Joanne Harris, the acclaimed author of Chocolat, departs from sunny characters and a feel-good story in her latest work, blueeyedboy.
‘blueeyedboy’ is the online name of Benjamin Winter, a troubled man who joins a creative writing forum. Group members post chapters of their works-in-progress, comment on those of others, and occasionally get together. Benjamin’s posts are particularly imaginative—and very dark. blueeyedboy’s life is bleak, full of abuse. He’s learned early that lies can save. There are messed-up relationships, black secrets and disappointments, all of which build to a festering rage. It becomes clear that Benjamin and blueeyedboy are one; it’s also clear his murderous fury has been acted upon many times before. Through his writing, Benjamin manipulates those around him in order to perpetuate his latest plot, something monumental this time, something to change blueeyedboy’s life.
blueeyedboy resembles the old-fashioned epistolary novel, with posts serving to create a ‘real-time’ psychological build-up. This format is problematic, however. Some posts are ‘publically’ available; others are ‘restricted’. In order to follow the clues, the reader is required to keep track of which information is known to all characters, which is known to some, and which is exclusively for the reader. Past and present become jumbled. Events are sometimes written about as they unfold—always illogical in a novel. While the posts of other characters offer different perspectives, it’s never clear what is true and what made-up. Here, fiction is presented mostly as a game of wits. Identities shift, facts blur, others emerge more devious than the blueeyedboy.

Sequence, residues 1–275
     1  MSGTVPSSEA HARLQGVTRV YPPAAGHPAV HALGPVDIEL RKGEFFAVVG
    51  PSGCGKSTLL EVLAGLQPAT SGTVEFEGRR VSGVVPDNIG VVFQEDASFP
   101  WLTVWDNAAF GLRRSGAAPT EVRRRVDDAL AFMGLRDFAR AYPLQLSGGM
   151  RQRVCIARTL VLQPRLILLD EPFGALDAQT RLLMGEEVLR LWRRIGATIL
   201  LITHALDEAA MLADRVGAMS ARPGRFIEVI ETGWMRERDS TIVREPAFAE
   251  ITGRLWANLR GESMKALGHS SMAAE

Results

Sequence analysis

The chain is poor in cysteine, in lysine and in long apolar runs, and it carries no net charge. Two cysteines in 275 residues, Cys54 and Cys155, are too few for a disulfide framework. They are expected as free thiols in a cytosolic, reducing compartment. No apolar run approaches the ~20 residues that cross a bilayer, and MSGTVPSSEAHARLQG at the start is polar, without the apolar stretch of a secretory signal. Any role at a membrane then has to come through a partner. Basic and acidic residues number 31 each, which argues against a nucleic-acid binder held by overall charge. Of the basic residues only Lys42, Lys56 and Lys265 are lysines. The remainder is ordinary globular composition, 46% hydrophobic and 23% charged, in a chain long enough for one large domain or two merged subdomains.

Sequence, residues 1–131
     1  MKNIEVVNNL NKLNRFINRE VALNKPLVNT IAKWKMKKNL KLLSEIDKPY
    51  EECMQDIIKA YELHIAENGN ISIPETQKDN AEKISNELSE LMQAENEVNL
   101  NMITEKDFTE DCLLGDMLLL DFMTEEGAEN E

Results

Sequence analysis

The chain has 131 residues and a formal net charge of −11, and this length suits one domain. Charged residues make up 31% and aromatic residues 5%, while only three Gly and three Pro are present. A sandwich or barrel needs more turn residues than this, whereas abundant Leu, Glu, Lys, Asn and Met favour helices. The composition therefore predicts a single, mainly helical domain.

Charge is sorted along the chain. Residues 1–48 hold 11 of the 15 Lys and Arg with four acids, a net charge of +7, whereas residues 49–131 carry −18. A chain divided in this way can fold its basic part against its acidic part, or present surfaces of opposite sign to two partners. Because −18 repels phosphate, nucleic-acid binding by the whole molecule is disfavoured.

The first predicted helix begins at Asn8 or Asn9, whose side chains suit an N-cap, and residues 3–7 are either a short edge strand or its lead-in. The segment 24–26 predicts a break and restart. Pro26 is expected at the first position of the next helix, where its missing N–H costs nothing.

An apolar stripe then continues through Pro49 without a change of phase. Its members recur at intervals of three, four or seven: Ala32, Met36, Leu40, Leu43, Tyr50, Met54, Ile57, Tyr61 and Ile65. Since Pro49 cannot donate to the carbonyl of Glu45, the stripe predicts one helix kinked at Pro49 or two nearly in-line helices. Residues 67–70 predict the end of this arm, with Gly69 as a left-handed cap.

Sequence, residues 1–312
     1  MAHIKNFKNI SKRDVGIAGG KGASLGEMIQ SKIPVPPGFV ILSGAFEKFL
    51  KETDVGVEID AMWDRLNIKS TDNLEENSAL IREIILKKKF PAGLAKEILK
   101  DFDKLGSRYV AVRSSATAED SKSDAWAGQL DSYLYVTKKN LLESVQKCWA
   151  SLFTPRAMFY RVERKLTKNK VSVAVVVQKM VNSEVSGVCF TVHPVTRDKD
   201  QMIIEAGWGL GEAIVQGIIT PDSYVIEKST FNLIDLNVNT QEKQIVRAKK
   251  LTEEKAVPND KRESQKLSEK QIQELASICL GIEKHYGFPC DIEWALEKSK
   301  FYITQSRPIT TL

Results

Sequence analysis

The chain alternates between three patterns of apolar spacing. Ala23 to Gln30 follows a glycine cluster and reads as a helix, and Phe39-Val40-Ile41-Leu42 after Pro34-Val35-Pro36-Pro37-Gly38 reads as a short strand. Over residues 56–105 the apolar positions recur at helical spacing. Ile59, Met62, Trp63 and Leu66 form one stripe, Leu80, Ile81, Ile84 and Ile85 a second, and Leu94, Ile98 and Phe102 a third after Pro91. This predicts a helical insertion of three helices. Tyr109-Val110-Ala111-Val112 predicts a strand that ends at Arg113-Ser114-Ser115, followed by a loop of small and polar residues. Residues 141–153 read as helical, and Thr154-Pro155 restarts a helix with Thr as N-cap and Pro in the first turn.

While confusing, it’s also intriguing fun. Harris’s big problem is that, unlike the main characters in Chocolat, those of blueeyedboy are so awful, so dysfunctional and arrogant and chillingly cruel, it’s difficult to care about what happens to any of them.
blueeyedboy, Joanne Harris, published by Doubleday
First published in April 2010 in The Courier-Mail.